Copenhagen is not just about getting a deal on climate change. All but those blind to the evidence of the science understand the imperative for a deal. The United Kingdom is at the forefront of the negotiations and is leading the way with our domestic policy.
Our new Department of Energy and Climate Change is one clear signal of our intention; another is the Prime Minister’s commitment to getting developed countries to contribute around $100bn per year by 2020 so that developing countries can make the transformation to resilient low-carbon economies.
But the wider question is about the need to construct a global economy that will last. The answer to the economic and environmental sustainability of the planet lies in how we run our businesses, how we run our communities, how we run our personal lives. With the global population projected to reach nine billion by 2020 we need a fundamentally new approach to our production and consumption. This is about use of food, water, energy and other natural resources. Business can lead the way with innovation, technology and new opportunities for growth.
The low-carbon and wider sustainability agenda is not about denial or punitive measures – it is about finding a way to continue economic growth without damaging our longer term opportunities and prospects. For example, we have already seen huge developments in the treatment of waste in many countries. The design of products has shifted in such a way that economic growth can be achieved without detriment to the environment. But there is a long way to go and this continued transformation costs money. Governments need to examine where this money will come from: should it, for example, be from passing costs to consumers or through tax? But the transformation will provide jobs, will raise standards of living globally and should lead to a planet in balance whose resources fuel the continued advance of our societies.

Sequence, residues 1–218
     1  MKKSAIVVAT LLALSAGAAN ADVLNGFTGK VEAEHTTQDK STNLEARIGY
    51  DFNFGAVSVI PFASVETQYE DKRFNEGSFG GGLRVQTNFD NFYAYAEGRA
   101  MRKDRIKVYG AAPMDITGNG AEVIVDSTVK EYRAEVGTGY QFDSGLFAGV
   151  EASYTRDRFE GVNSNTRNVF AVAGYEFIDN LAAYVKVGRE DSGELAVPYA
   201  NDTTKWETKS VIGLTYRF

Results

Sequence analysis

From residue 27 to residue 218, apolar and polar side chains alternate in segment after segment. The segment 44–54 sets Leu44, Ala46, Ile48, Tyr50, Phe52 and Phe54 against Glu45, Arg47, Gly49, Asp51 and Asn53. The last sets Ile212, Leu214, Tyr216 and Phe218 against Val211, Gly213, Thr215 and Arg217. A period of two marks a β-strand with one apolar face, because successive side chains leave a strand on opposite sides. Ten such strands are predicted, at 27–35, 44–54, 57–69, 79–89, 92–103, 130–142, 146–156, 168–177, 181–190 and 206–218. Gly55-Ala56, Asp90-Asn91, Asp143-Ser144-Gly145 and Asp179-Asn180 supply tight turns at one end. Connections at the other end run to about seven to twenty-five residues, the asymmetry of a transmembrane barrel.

Copenhagen will be a difficult negotiation as it requires a leap of faith for some countries. And the details are complex, especially at a time of economic downturn. We need to establish the role each country should play in reducing its carbon emissions, how to finance the technologies required, how to solve the issues around deforestation and how to help developing countries adapt to the changes in climate which will happen anyway.
If successful, Copenhagen will unleash a wave of optimism that “clean growth” is not only possible but a powerful driver and vision for all countries to pursue. The role of the environment departments and governments of the world is to demonstrate that this can be done and to set a framework for business, our economies and our population to deliver the changes necessary.
Mike Anderson is Director General, Strategy, Evidence and Finance at the UK’s Department for Environment, Food and Rural Affairs (DEFRA).